And so far, LNG Canada and Coastal GasLink together have spent more than $5.7 billion with Indigenous-owned and local businesses.    

“When there is foreign interference, especially from high-profile celebrities like Ruffalo, it sets us back. He does not think beyond the pipeline. He does not think beyond the cause of the day,” Indigenous policy analyst Melissa Mbarki wrote following a previous attack on Coastal GasLink by the actor.   

“Over the long term, such actions serve to drive away investment and keep Indigenous communities in poverty. We are dealing with so many social issues, including high rates of suicide, incarceration and homelessness. Speaking on our behalf is not the answer if you fail to acknowledge the entire story.”    

Fact: Indigenous communities speak with their own voices 

Ruffalo is a prominent activist against the Coastal GasLink pipeline, often spreading misinformation about the project’s relationship with Indigenous communities. But they are fighting back.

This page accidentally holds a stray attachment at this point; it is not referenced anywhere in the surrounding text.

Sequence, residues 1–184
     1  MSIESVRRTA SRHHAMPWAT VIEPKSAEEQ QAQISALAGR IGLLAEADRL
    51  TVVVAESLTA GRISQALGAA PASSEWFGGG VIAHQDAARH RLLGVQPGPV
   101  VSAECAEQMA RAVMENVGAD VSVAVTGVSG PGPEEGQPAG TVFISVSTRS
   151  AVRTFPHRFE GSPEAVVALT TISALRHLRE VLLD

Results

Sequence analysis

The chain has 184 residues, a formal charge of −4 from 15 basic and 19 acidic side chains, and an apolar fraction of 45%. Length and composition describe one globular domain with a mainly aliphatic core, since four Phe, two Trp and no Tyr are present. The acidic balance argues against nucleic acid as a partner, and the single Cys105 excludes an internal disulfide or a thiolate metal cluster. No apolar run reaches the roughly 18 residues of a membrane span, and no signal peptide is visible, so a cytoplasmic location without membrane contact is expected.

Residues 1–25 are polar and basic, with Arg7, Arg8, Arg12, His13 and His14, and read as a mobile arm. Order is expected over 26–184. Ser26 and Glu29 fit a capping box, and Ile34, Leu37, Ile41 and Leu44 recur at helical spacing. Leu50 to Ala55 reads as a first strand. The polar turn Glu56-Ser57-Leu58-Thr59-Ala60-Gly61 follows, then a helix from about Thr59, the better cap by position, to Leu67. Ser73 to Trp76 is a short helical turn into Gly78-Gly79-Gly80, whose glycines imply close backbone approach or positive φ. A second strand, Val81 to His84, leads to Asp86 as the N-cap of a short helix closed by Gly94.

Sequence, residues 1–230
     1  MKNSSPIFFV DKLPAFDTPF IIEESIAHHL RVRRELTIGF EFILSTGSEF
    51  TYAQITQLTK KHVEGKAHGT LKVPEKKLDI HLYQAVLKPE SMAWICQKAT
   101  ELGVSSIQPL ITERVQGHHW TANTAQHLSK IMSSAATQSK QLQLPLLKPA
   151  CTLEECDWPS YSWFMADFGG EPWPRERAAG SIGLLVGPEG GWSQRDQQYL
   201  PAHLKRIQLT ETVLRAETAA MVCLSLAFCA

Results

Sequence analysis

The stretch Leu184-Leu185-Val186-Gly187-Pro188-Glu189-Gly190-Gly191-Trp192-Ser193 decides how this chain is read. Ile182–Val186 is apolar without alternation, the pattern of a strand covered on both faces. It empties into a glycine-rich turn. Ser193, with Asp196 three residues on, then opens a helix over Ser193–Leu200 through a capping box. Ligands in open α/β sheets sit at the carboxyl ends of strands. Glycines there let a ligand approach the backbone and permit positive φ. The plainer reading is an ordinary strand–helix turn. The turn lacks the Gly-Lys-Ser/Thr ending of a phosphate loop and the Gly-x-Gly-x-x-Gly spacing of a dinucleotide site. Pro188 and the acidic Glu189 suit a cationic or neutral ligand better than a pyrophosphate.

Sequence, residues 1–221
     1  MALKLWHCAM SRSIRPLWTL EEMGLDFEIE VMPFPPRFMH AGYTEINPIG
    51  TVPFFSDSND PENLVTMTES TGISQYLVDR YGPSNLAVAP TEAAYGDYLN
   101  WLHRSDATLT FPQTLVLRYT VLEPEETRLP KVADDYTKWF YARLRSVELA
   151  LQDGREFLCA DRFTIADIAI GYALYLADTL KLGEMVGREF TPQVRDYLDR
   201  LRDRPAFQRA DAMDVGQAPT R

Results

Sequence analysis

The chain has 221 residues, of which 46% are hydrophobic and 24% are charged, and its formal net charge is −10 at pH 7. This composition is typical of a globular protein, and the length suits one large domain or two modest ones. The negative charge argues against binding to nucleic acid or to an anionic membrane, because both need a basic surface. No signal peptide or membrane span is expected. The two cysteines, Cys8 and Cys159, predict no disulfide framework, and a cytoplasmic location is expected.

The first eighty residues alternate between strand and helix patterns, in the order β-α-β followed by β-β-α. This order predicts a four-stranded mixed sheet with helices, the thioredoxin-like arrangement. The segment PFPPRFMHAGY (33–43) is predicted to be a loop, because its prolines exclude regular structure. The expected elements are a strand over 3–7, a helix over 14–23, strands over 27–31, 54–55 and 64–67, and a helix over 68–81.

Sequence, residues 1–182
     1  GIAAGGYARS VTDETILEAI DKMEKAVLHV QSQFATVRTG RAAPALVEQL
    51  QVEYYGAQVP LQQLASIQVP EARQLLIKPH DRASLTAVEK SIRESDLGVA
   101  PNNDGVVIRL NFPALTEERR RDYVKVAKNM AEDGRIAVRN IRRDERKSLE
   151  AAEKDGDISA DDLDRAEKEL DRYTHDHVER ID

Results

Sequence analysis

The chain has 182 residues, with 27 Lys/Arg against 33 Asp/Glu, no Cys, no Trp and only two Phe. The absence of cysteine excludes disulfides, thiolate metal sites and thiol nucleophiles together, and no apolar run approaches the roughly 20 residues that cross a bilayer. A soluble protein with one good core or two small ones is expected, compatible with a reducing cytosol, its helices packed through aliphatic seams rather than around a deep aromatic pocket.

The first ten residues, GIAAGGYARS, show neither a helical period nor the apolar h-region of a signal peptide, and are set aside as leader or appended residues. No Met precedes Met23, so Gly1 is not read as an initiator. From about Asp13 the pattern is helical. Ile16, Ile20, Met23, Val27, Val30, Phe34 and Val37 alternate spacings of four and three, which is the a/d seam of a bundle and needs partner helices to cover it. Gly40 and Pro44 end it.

“Hollywood celebrities from outside of Canada are actively campaigning against the Coastal GasLink project, claiming Indigenous People do not support it. However, 20 elected First Nations governments along the route do support it,” the Indigenous Resource Network said in a statement last year.  

“Hollywood celebrities are standing in the way of us being able to make our own decisions. Their main goal is to push their agenda and use us as talking points; ultimately, communities are left to pick up the pieces. 

“Although their intentions may be to help Indigenous people in Canada, this can be best done by allowing our people to use their own voices. We are able to decide for ourselves what is best for ourselves and our communities.” 

Fact: The film industry has its own emissions to deal with 

Rather than campaign against Canadian energy projects that can help reduce emissions and foster prosperity for Indigenous communities, Hollywood film makers could be better served addressing the emissions in their own backyard.  

A 2020 study by the British Film Institute analyzing the emissions associated with producing movies in the U.S. and U.K. found that films with a budget of $70 million or over generate an average 2,840 tonnes of CO2 pollution. 

Air travel alone to support a movie production of this scale generates equivalent emissions of flying one way from London to New York 150 times, BFI said.  

The unaltered reproduction of this content is free of charge with attribution to Canadian Energy Centre Ltd.